In most cases, you’ll only be able to take out up to 80% of your home’s value. For instance, if your home is worth $500,000 and you still owe $250,000, you currently have $250,000 of home equity. Since you’ll typically only be able to utilize 80% of your home’s value, you’ll probably only be able to borrow up to $150,000 of your home’s $250,000 equity value.
Keep in mind that if you go this route, you are using your home as collateral for the debt, meaning you risk losing your home if you default.
10. Consider bankruptcy (as a last resort)
Should you find yourself overwhelmed by your finances, you may be able to discharge your debts by filing for bankruptcy. While this can be a relief for some borrowers, keep in mind that bankruptcy can remain on your credit profile for years and may make it difficult for you to take out credit or a loan afterward. Aside from that, bankruptcy proceedings can take several months or years before your debt is discharged, and some debts are not dischargeable.
Typically, most people file for Chapter 7 or Chapter 13 bankruptcy. In fact, in 2021, there were 399,269 non-business bankruptcies, according to the Administrative Office of the U.S. Courts. Chapter 7 made up 70% of all non-business bankruptcy filings, while Chapter 13 comprised nearly 30% of filings that year.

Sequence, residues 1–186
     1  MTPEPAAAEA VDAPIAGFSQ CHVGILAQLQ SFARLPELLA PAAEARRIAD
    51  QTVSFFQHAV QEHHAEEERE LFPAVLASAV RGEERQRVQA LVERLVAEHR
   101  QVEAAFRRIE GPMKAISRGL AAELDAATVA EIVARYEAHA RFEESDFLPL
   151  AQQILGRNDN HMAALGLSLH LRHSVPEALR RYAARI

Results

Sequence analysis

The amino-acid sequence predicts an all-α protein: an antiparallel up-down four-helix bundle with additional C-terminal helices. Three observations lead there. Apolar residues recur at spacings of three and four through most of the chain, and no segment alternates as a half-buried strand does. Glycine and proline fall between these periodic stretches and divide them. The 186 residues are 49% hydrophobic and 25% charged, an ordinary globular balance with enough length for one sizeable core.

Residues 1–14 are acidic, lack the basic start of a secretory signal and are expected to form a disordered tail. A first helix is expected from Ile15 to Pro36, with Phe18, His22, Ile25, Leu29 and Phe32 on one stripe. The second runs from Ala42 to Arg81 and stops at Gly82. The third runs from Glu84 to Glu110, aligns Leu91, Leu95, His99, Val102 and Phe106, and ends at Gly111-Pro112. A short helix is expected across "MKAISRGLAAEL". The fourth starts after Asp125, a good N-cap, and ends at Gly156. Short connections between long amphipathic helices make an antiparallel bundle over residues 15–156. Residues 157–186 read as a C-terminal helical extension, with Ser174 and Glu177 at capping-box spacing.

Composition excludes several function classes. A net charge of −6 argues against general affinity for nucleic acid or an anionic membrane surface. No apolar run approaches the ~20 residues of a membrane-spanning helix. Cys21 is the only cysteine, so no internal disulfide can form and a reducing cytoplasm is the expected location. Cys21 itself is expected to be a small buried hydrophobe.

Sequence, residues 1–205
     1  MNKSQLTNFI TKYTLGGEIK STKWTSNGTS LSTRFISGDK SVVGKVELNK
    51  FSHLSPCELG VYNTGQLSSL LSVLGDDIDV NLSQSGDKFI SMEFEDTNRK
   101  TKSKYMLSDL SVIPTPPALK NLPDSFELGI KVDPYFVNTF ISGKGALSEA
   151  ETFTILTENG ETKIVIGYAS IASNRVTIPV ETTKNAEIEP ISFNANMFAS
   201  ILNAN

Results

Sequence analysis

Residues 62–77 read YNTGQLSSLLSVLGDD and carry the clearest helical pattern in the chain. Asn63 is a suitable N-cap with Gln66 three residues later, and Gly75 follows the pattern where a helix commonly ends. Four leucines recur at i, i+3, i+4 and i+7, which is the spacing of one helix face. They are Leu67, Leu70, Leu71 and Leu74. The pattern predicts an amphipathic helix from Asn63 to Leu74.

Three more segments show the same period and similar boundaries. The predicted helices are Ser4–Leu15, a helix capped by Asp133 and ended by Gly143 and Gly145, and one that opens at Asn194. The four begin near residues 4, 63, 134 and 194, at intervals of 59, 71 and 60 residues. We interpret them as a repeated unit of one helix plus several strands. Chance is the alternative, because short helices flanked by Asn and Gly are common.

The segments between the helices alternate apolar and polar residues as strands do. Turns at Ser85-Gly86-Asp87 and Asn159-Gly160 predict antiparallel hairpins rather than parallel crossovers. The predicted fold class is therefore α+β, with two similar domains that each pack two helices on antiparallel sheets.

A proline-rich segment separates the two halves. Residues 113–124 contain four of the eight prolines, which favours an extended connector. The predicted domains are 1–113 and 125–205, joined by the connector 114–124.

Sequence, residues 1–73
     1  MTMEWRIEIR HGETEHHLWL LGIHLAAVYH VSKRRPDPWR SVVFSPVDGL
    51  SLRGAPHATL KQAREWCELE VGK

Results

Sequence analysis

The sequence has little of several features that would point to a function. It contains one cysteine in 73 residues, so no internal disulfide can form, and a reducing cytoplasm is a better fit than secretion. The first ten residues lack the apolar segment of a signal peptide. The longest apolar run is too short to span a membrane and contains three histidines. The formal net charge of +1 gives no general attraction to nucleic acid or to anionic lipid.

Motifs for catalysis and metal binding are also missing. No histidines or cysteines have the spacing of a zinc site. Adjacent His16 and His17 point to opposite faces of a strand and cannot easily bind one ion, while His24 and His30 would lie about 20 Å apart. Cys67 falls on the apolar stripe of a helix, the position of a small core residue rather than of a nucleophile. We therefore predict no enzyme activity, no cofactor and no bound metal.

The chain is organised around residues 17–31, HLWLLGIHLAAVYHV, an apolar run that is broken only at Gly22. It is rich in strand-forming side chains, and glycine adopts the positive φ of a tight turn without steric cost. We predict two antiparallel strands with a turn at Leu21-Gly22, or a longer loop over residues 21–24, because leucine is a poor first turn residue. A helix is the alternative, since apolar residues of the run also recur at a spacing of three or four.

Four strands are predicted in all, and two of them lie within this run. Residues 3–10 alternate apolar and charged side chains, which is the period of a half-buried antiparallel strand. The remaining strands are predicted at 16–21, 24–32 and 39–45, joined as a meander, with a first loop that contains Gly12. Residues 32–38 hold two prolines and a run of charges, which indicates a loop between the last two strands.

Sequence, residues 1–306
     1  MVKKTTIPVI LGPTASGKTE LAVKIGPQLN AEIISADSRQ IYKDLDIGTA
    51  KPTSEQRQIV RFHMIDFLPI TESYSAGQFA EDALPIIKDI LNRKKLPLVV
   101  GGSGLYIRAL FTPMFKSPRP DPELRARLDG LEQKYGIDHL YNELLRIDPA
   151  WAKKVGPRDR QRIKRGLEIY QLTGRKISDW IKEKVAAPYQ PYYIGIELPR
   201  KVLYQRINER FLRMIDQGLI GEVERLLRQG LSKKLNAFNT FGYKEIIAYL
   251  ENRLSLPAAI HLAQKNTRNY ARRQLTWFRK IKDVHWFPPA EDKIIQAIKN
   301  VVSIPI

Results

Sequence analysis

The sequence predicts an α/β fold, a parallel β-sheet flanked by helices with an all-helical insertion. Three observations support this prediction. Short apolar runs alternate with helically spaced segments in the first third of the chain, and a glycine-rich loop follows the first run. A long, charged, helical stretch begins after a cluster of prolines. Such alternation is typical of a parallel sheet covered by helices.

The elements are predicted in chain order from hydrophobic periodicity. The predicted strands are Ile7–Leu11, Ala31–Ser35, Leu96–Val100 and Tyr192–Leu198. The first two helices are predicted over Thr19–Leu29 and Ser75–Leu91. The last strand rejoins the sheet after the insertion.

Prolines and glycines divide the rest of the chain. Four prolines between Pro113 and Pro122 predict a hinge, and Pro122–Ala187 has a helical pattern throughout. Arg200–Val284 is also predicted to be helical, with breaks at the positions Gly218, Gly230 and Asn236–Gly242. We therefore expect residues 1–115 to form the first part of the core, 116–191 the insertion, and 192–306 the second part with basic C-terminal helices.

If you believe bankruptcy may be the best option for you, here are a few of the biggest differences between Chapter 7 and Chapter 13 bankruptcy.
Chapter 7 bankruptcy vs. Chapter 13 bankruptcy
|Chapter 7||Chapter 13|
|Once you successfully file, your debts are discharged; however, this may require you to liquidate valuable assets||Once you are approved, you’ll get to keep your assets but you will have to remain on a payment plan for three to five years|
|Chapter 7 bankruptcy can stay on your credit profile for up to 10 years||Chapter 13 bankruptcy can stay on your credit profile for up to seven years|
|There is no capped limit on debt in order to be eligible for Chapter 7||Cannot have more than $465,275 of unsecured debt or $1,395,875 of secured debt to be eligible|
Which debt should you pay off first?
When deciding how to best tackle your debt, it’s important to become familiar with your financial obligations and which you want to repay first:
- Credit card debt
- Student loan debt
- Auto debt
- Mortgage debt
- Medical debt
- Tax debt
It’s important to take stock of what you owe because some types of debt will open new doors for your debt repayment strategy. For example, you may be able to negotiate medical debt. With mortgage and auto debt, you could consider refinancing. If you have credit card debt across multiple accounts, you could consolidate.
If you’re not sure which debt to pay off first, consider factors like the annual percentage rate (APR). A loan’s APR is a measure of your borrowing cost over a year and takes the interest rate plus fees into account. Consider each debt’s outstanding balance, as well. In general, paying off the debt with the highest APR is your best bet for saving money, especially if you’re locked into your terms and can’t refinance for better terms.